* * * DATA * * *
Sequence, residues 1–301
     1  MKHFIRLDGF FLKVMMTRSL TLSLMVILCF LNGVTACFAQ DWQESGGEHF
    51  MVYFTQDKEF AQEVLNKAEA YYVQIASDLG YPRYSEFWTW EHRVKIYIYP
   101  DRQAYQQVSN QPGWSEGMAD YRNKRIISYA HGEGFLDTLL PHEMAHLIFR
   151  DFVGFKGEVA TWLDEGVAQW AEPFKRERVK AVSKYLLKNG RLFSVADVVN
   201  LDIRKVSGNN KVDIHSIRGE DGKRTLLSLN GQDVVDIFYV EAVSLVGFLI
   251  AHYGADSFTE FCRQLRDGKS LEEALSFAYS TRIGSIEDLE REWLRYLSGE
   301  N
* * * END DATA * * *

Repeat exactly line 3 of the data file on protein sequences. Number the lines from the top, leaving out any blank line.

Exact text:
    51  MVYFTQDKEF AQEVLNKAEA YYVQIASDLG YPRYSEFWTW EHRVKIYIYP